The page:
My daughter received a Gideon Bible from the fair we went to a few weeks ago, and in that Bible, printed in the front is their take on how a person is saved. Under the heading, “All May be Saved” is a reference to Revelation 3:20 which reads:
“Behold, I stand at the door and knock. If anyone hears my voice and opens the door, I will come in to him and eat with him, and he with me.”
Seems appropriate, doesn’t it? Just don’t consider the context of this verse and it will fit about anything you want to make it fit. But I can’t just pick on the Gideons, because in my own tradition we have songs that take hold of the very same use for this passage. Just go to the Scripture index of the hymnbook “Songs of Faith and Praise” and look up Rev 3:20, there are four numbers listed there: 908, 919, 923, 945; all in the “Heaven’s Call” section of the book.
908 is the song “There’s a Stranger at the Door” and I remember singing this one as an invitation song imploring those who don’t know Jesus to “let the stranger in” and receive salvation.
919 is the song “Behold a Stranger at the Door” which I have not sung, but seems to be in the same category of the song above…Jesus can go from stranger to friend if you would simply open the door and let him in.
923 is the song “I Am Coming, Lord” which quite honestly doesn’t connect to the verse at all from a thematic or lyrical point of view. So, probably can put this one on the editors of the songbook and not the author of the song.
945 is the song “Kneel at the Cross” which I have sung a few times and never really connected it at all to a picture in the book of Revelation. I guess it might be the last line of the chorus, “Jesus will meet you there” that somehow connects to the verse, but seriously?
This is much better than I thought it would be when I first started writing this. The context surrounding Revelation 3:20 is a letter to the church meeting in Laodicea. So, My first assertion is that Jesus is indeed not a stranger to these people. My second assertion is that John is writing to a group of people, not one particular person. And my third assertion is that it should be quite embarrassing for Jesus to be knocking at the door of this church asking to be welcomed back into their midst…their fellowship. Therefore, this passage is not at all about “heaven’s call” or “personal salvation” but the Lord and Master of the church trying to get back in to a lukewarm church (You can reference an earlier blog post on that image!)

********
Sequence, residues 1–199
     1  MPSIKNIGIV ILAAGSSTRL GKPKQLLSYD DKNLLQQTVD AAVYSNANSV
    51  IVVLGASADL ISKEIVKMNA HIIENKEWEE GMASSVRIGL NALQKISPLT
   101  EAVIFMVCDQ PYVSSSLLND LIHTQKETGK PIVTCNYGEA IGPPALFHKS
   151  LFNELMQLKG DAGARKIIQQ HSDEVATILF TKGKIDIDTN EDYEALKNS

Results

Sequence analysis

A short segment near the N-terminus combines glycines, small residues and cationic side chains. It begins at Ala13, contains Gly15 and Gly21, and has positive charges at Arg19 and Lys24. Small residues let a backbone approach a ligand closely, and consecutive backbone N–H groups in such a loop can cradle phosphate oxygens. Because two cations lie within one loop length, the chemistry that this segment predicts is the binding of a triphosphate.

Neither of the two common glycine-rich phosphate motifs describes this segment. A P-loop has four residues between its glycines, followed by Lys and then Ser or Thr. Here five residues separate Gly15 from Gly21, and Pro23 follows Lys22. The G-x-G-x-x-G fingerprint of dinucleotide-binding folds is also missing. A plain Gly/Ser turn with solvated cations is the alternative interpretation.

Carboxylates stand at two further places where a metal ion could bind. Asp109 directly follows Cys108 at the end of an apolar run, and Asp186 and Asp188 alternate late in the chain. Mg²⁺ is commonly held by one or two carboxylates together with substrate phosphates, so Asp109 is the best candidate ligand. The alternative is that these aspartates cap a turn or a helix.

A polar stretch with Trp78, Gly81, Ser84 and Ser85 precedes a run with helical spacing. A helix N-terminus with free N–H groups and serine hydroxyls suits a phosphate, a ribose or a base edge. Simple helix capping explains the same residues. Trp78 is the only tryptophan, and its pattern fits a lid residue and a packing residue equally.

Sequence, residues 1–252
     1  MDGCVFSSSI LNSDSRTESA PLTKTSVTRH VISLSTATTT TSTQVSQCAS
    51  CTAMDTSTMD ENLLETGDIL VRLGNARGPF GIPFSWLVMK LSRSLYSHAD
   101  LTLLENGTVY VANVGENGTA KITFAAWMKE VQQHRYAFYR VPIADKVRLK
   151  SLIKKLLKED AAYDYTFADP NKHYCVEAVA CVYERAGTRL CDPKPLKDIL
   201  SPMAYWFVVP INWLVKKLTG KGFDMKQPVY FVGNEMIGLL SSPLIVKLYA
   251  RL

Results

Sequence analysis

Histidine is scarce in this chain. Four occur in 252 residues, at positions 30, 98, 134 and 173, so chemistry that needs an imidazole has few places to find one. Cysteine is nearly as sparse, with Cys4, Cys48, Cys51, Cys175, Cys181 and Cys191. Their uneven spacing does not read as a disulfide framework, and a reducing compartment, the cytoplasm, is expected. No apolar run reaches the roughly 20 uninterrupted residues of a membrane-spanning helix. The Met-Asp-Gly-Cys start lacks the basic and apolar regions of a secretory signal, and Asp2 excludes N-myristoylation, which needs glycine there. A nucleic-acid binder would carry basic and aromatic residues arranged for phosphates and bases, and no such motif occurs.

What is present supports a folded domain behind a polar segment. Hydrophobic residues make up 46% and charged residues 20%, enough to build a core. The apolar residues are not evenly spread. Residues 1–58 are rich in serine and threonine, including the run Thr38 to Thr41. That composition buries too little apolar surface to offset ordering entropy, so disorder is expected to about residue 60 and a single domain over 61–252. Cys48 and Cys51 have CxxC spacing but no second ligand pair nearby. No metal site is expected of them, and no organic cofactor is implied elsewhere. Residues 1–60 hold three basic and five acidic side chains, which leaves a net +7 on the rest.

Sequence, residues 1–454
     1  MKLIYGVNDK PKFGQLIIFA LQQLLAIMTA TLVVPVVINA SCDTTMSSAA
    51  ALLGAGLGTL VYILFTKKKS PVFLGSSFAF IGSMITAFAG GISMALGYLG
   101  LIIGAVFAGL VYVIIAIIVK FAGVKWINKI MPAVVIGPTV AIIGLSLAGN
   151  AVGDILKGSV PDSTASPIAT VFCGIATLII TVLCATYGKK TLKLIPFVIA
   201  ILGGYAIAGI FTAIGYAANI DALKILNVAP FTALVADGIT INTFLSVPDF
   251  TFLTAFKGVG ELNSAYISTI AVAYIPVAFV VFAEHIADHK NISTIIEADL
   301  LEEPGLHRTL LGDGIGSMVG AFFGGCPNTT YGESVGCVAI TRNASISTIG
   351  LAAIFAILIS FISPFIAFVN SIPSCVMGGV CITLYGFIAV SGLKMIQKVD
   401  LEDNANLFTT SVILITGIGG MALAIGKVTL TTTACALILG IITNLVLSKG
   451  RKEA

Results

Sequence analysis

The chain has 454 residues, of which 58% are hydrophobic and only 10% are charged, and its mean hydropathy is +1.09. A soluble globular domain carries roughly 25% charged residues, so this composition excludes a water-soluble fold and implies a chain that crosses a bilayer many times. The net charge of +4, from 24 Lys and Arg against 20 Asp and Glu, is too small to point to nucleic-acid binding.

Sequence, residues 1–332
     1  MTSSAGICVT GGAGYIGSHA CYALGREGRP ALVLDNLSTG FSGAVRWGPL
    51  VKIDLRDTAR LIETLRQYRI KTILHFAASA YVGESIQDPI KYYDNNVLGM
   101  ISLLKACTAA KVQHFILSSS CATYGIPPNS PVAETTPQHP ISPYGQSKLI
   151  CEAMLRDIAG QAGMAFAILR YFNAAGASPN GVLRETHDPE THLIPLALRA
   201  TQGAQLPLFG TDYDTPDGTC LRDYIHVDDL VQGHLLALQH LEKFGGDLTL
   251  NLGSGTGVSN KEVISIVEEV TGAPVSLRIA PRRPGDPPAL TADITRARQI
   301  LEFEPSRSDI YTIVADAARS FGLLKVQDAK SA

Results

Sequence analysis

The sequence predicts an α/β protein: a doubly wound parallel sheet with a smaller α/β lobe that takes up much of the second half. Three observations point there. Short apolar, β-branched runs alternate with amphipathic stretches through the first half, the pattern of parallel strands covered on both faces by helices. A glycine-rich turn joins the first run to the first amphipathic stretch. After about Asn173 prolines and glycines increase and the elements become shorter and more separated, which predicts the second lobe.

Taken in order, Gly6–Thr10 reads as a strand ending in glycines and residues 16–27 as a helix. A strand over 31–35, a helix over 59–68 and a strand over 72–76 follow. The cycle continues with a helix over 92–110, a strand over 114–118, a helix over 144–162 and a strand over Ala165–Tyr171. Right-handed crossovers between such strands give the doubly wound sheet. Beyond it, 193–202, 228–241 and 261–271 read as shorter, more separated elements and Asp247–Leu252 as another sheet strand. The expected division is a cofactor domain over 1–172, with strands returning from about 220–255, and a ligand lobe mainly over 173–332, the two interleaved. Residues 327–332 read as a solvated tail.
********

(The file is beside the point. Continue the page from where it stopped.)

What this has to do with asking Jesus into your heart or for that matter “personal salvation…” I haven’t a clue. That is not the point of the passage, nor is it the intention of the author. I bring it to our attention because good-intending Christians sometimes make a bad habit of taking verses and passages out of context and using them as proofs for the most interestingly contrived arguments ever asserted. Of course, when persons who don’t profess faith or who come from a different group of Christianity do it, then we charge them with all sorts of things including false-doctrine and heresy. Yet, we must return to taking the Bible seriously, instead of perusing it like the comic section of the newspaper or the latest news apps on our phones.
How can this happen? How can a group like the Gideons who pour resources into Bible research and linguistic studies make such a glaring error? How can editors of a songbook take such a negligent approach to interpretation of the Bible in connection with lyrics? I would assume it is because an inaccurate understanding has become firmly fixed and so it has become “tradition.” And that is both the power and pitfall of tradition folks…which often, in this case and many others, continues to effect the life and practice of our faith. We need to read with humility, and when wrong may we have the courage to change our minds and come in better fellowship with him who stands at the door of our deeply traditional churches asking to be let in once again.
I want to share thoughts, insights, and scriptures that lead us in the direction of Christ.